Ed Carroll and Vita Gelūnienė live in Kaunas (Lithuania) where they have been exploring ways of creating community art for several years. When Ed sent me some photos of their latest event I asked if I might share them on this blog, partly because they give a glimpse of what’s happening in a part of Europe that isn’t widely known in the landscape of participatory art, and partly because the images offer such a resonant feel of midwinter celebration, ancient and contemporary, elemental and human. I also sense Welfare State’s ideas and aesthetics, spreading unseen like rhizomes, relevant still because their own roots are in ancient, anarchic popular visions the need of which people are starting to feel again.
Ed and Vita have written this brief account of this evening, which is the latest in a series of – what, happenings? – they’ve helped create in their community.
In the centre of Šančiai is a wasteland called the ‘Cabbage Field’, the final fragment of a vast area used as a military territory from the mid-19th century until 1993. Over the last four years a group of community artists and leaders who formed the Lower Sanciai Community Association worked to reclaim this land. In December 2017, the Association joined the Council of Europe Faro Convention Network, a solidarity platform working with local cultural heritage and making it a resource for citizens to create commons, narratives and cooperation. This is the second year the group organized a festive community gathering called the Balsamic Poplar, which takes its name from the oldest tree.
In the process of preparing for this event, local leaders and community artists organized more than 20 open art workshops. The result of these workshops became a two-hour coproduction led by children, people with disabilities, the local circus and library as well as community members. Over 200 people came and were met by resident Field Fairies who drew people to the shadow theatre on the specially adapted ‘Dream Bus’. The shadow theatre used the local library for rehearsal involving children and parents. After the performance, creative workshops in shadow making attracted some; others preferred to watch the newly placed crib into the belly of the Balsamic poplar, while others were engaged in making and sharing waffles and doughnuts from an open fire oven. People brought in new books to donate to the library!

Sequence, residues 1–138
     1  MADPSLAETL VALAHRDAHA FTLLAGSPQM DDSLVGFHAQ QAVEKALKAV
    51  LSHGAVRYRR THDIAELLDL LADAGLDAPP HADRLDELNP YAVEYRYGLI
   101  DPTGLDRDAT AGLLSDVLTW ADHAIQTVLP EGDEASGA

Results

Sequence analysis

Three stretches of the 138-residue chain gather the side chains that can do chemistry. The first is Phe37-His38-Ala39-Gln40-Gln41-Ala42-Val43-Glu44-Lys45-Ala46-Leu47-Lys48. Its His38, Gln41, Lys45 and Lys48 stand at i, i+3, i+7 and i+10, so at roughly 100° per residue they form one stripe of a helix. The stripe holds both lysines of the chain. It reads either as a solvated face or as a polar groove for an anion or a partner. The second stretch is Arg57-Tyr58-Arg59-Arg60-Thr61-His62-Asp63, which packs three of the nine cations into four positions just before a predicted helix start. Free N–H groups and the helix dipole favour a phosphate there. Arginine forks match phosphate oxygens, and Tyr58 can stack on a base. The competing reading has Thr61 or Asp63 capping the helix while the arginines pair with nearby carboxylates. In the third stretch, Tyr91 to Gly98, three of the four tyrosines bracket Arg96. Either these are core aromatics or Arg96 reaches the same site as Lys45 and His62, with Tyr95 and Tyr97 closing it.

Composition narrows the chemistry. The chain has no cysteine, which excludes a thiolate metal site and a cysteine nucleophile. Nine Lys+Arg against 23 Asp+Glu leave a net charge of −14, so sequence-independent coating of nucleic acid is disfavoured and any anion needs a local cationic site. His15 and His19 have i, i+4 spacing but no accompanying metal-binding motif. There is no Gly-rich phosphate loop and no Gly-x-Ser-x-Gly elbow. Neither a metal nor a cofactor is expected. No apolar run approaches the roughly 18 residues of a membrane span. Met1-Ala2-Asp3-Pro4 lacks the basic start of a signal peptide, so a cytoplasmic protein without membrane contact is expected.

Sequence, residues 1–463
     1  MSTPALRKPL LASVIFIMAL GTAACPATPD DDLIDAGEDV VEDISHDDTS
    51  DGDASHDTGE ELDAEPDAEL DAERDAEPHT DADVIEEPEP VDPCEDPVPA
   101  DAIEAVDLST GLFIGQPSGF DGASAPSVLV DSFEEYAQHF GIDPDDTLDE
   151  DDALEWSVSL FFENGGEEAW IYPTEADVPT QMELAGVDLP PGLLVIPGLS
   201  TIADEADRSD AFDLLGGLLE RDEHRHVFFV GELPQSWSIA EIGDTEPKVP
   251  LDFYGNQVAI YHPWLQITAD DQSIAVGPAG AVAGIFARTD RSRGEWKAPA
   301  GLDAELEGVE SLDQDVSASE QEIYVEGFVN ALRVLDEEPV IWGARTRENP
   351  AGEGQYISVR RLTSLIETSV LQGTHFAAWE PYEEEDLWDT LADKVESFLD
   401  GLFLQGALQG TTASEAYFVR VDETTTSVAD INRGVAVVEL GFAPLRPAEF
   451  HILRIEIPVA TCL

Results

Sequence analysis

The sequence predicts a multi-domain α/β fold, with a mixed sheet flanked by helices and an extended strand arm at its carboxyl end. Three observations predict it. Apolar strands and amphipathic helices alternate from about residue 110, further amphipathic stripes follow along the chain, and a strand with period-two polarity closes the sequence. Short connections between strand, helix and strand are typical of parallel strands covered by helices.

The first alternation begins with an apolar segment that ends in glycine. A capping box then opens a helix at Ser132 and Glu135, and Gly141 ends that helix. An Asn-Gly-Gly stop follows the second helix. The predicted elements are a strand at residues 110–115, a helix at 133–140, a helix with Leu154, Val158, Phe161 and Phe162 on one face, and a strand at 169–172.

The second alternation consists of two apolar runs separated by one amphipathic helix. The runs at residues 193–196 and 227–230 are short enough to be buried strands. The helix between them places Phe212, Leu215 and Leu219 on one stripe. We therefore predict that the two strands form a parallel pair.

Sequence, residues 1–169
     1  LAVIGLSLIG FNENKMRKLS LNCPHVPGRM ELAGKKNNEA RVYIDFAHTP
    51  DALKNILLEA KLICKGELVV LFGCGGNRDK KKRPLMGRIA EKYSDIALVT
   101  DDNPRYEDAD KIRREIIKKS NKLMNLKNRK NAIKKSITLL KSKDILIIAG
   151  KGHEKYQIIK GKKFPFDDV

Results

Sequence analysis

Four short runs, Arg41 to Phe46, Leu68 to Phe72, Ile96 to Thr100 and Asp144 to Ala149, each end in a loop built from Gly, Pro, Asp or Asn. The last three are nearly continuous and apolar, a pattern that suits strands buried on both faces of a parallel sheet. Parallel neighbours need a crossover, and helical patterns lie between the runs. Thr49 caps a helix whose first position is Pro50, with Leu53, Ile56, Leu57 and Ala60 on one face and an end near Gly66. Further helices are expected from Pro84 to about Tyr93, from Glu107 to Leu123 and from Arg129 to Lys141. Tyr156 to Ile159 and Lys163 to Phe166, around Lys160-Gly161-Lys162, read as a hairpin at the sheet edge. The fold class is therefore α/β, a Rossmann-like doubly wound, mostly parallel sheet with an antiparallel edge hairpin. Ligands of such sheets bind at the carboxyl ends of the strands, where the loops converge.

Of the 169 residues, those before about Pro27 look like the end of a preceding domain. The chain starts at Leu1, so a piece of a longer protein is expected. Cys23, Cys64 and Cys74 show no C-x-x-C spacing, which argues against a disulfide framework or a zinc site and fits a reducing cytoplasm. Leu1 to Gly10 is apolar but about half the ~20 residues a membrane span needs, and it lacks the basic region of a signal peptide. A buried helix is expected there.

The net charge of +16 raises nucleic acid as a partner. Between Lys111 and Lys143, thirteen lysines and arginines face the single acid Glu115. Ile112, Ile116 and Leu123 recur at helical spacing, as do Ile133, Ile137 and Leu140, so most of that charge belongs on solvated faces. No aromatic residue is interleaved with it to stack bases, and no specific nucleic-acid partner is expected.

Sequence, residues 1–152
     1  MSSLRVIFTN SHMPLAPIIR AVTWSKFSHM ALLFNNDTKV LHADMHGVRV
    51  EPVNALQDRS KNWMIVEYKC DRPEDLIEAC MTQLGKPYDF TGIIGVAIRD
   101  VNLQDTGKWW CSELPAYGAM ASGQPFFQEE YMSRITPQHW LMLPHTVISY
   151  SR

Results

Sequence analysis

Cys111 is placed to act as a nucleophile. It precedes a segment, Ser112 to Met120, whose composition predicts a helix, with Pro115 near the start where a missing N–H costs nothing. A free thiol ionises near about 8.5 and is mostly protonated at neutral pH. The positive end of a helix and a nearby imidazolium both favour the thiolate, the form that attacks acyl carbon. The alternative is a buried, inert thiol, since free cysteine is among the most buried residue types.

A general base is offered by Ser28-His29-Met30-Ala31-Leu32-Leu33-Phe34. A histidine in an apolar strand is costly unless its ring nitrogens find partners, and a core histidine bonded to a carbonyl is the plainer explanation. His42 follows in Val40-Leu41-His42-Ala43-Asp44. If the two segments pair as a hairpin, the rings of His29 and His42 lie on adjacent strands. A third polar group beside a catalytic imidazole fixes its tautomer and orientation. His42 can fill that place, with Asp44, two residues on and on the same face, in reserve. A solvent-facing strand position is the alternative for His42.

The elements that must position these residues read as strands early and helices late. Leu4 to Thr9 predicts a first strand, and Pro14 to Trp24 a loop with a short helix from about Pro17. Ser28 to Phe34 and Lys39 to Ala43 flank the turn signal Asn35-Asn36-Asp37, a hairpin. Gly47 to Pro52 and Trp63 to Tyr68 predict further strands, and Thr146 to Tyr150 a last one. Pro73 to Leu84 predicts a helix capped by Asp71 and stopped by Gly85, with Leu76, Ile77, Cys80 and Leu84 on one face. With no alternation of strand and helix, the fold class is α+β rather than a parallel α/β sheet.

A band of samba drummers led the crowd on a journey around five specially constructed circular screens to watch a unique performative light animation produced produced by artists from Psilicon Theatre and the local Baltic circus. Finally, the night ended with a fire sculpture created by a local resident of the Cabbage Field.
“The animators of the Cabbage Field have worked for a few years to mobilize community and to create this festive tale. Many had criticized them for what they were doing in this wasteland. But in spite of it, the community kept on working and is going to make more events attended by children, neighbours and even those who never heard about the space. People were happy and joyous and this mood was made by the magic of the faith in community and Christmas spirit.” Kauno Diena newspaper 2017-12-18
Thanks to Ed and Vita for sharing this work, and to the photographers Darius Petrulis and Regina Sabuliene. I hope to be able to visit the project next year and learn more about their experience at first hand.
- PS Ed Carroll has long been involved with Blue Drum, working for cultural rights in Ireland and the Legacy Papers, an project to document the origins and development of community art, including interviews with people like Mary Jane Jacob, Arlene Goldbard and many others.